Pathways of an RA Life: From a big secret to can’t keep quiet about arthritis
Written on January 26, 2015 by Christine Schwab
Twenty years with only my doctor and immediate family knowing about my battle with RA.
When people hear I kept silent they are shocked.
“Why couldn’t you let people know?” is their first question.
“Didn’t your symptoms give you away?” is always the second.
And if you’ve read my latest book, Take Me Home From The Oscars: Arthritis, Television, Fashion and Me you already understand. It wasn’t hard to keep silent, in fact it was easier for me. Silence had always been my safety blanket during my childhood. If I didn’t tell the kids at school that I lived in foster homes most of the time, seeing my mom only a few days a month, they would think I was normal. I only wanted to be normal and fit in. Silence made that possible just like silence made it possible for me to keep my career in television as a fashion and lifestyle reporter. My perception of arthritis at the time I was diagnosed was from watching Arthritis Telethons years ago on TV where everyone was old and crippled.
Many coveted my career. Some blatantly tried to take it away from me. I couldn’t give them the ammunition that would help them. I had finally made it and it felt good to be accepted and appreciated, things one never feels in foster care. I finally felt normal.
And because I was in fashion I knew how to cover up my RA symptoms. Feet hurting? Sneakers became my trademark. I convinced millions on television that they were the latest trend before that was actually a fact. Kathie Lee even commented on air one day about my high top khaki sneakers, “You have to be very confident to wear those sneakers, Christine.” And my years of thinking on my feet because of working with Regis Philbin kicked in as I replied, “Kathie, these are the hottest sneakers for spring. Everyone’s wearing them.”
I knew how to alter my makeup, hairstyle and wardrobe in order to keep working through weight gains while taking high dosages of prednisone. It’s what I did for all my makeovers on TV so it was easy for me to do it for myself. A little more length in the hair, a little shading on my cheeks, a little more emphasis on the eyes did the trick.
And then 20 years zipped by and my secret was still intact.
So what made me come forward and take another pathway in life? Enbrel.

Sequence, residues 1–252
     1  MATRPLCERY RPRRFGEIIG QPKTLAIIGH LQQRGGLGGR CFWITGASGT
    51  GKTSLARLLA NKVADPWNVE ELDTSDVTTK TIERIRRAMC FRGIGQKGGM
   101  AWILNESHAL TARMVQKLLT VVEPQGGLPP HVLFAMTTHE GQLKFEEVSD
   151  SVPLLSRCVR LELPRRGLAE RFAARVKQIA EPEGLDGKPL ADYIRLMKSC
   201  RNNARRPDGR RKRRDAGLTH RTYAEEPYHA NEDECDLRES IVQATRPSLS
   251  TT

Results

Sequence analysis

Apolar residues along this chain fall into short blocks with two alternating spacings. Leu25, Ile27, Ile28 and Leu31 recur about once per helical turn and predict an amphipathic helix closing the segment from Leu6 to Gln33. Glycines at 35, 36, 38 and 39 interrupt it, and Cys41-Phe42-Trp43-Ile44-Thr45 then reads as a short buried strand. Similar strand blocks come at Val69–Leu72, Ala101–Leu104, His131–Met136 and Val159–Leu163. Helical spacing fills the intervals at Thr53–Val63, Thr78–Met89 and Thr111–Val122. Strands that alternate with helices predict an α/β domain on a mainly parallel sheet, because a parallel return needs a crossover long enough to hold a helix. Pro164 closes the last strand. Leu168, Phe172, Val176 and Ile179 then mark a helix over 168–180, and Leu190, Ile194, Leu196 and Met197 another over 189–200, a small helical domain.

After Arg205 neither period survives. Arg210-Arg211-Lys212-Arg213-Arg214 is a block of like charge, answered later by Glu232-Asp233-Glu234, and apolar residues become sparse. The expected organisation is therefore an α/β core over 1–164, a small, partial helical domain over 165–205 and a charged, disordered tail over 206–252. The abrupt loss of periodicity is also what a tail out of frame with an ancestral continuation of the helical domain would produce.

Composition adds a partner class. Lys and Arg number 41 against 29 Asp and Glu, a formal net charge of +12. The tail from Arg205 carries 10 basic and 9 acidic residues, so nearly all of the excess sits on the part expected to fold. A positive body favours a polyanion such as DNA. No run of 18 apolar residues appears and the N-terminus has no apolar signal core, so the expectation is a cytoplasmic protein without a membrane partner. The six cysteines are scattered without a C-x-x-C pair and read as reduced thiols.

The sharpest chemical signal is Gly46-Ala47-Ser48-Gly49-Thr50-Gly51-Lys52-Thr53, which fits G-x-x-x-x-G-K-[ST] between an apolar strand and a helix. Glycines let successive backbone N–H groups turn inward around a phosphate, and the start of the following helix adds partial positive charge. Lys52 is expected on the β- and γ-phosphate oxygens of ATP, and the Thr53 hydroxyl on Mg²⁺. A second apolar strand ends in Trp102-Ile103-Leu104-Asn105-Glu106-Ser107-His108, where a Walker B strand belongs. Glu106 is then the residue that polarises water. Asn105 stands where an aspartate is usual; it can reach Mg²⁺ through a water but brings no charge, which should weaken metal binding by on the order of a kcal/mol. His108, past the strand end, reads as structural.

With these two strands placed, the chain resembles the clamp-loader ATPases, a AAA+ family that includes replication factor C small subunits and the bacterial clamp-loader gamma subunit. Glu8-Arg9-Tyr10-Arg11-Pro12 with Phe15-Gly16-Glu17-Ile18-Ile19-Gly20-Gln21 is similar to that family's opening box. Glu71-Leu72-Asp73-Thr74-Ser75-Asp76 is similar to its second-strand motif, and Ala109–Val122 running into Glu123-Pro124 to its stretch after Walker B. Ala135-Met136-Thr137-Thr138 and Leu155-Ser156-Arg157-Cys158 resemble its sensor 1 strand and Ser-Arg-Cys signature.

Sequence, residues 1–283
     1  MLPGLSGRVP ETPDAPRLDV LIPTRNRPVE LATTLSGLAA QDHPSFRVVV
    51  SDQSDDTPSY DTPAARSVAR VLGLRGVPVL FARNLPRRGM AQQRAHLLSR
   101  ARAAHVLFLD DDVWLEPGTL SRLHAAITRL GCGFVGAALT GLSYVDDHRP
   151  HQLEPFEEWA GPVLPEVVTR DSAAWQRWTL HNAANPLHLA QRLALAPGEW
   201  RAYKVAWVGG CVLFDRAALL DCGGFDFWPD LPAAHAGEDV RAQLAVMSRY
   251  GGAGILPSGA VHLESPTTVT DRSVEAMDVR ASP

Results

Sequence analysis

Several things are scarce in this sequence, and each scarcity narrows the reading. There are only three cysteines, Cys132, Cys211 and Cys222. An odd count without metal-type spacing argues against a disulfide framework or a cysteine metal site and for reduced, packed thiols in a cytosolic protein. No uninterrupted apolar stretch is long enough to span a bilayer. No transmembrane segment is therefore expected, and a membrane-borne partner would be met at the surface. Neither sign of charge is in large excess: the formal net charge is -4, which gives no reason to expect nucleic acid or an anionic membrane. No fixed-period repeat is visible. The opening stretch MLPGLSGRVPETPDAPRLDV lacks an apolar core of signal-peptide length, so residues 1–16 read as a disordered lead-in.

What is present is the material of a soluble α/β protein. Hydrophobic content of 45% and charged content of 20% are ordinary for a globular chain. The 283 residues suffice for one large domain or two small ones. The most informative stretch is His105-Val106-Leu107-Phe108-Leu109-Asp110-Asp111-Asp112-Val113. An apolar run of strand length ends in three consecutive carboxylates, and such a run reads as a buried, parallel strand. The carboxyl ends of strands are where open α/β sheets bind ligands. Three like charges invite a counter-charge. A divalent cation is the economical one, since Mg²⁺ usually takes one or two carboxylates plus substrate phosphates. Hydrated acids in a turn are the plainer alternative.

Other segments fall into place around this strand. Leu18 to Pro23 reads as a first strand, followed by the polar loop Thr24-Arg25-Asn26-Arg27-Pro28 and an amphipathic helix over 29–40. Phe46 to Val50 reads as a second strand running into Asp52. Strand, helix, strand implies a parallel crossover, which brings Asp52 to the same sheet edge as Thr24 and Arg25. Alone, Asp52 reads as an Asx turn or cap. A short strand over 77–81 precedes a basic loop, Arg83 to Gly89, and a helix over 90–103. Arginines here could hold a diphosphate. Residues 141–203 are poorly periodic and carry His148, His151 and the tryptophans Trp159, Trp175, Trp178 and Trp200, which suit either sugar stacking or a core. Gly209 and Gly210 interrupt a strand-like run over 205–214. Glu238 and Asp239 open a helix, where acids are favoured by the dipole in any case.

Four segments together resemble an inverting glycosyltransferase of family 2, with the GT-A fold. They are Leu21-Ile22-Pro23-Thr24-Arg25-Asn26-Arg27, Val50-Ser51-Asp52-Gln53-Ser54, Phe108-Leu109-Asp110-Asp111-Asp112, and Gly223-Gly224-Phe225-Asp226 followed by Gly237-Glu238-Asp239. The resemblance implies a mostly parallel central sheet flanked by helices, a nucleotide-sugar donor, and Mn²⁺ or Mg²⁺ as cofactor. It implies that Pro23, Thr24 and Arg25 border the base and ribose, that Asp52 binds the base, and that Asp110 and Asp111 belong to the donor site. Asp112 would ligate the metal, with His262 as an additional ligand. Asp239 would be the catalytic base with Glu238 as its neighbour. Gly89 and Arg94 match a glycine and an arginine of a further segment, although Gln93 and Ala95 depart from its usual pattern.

My doctor had been able to prevent visible physical damage with his constant adjusting of my meds until I ran out of meds that worked and went into the trial program for Enbrel. I couldn’t take any other medication other than the secret Enbrel dose I was getting, either the full dosage, half dosage or placebo. I wouldn’t know until the six-month trial was over.
When the trial ended I learned I was on the placebo. It taught me three things: one, the power of positivity, two, that a new pathway was opening up in my life and three, it was time to give back
I contacted the Arthritis Foundation and said I wanted to use my media experience to change the perception of arthritis. With the new biologics everyone wouldn’t end up in wheel chairs. And that was when I found out kids got arthritis, too, and young adults, and people like me. And then it hit me, if I didn’t know about the kids and young adults with arthritis others must not know either and that’s when Christine’s Kids Facebook page was created. I didn’t want these kids to feel alone and different like I did as a child. I wanted them to feel like they could conquer anything and everything, that they were Superheroes.
The JA stories overwhelmed me and broke my heart but the spirit of these kids amazed me. Their strength and determination inspired me. They fought adversity and I, as a child, had fought adversity. I understood not only their disease but also their fight for survival. Their fight to be normal.
And as much as I loved fashion, I loved the bond I felt with Juvenile Arthritis even more. I understood what they were going through physically and emotionally.
I had heard about second acts in life and now I am living one. It’s totally different than television, it’s real, it’s painful, and it’s inspiring. My first act in the fashion world came from my love of clothes and the belief that everyone can look their best if they just know the secrets. That we can look and become whoever we want to be with the right style. My second act, in JA advocacy, came from my past and the belief that no matter what, you can overcome adversity and use it as strength.
My latest goal?
Every day to try to remind a child who believes that they can’t achieve their goals that they will find a way.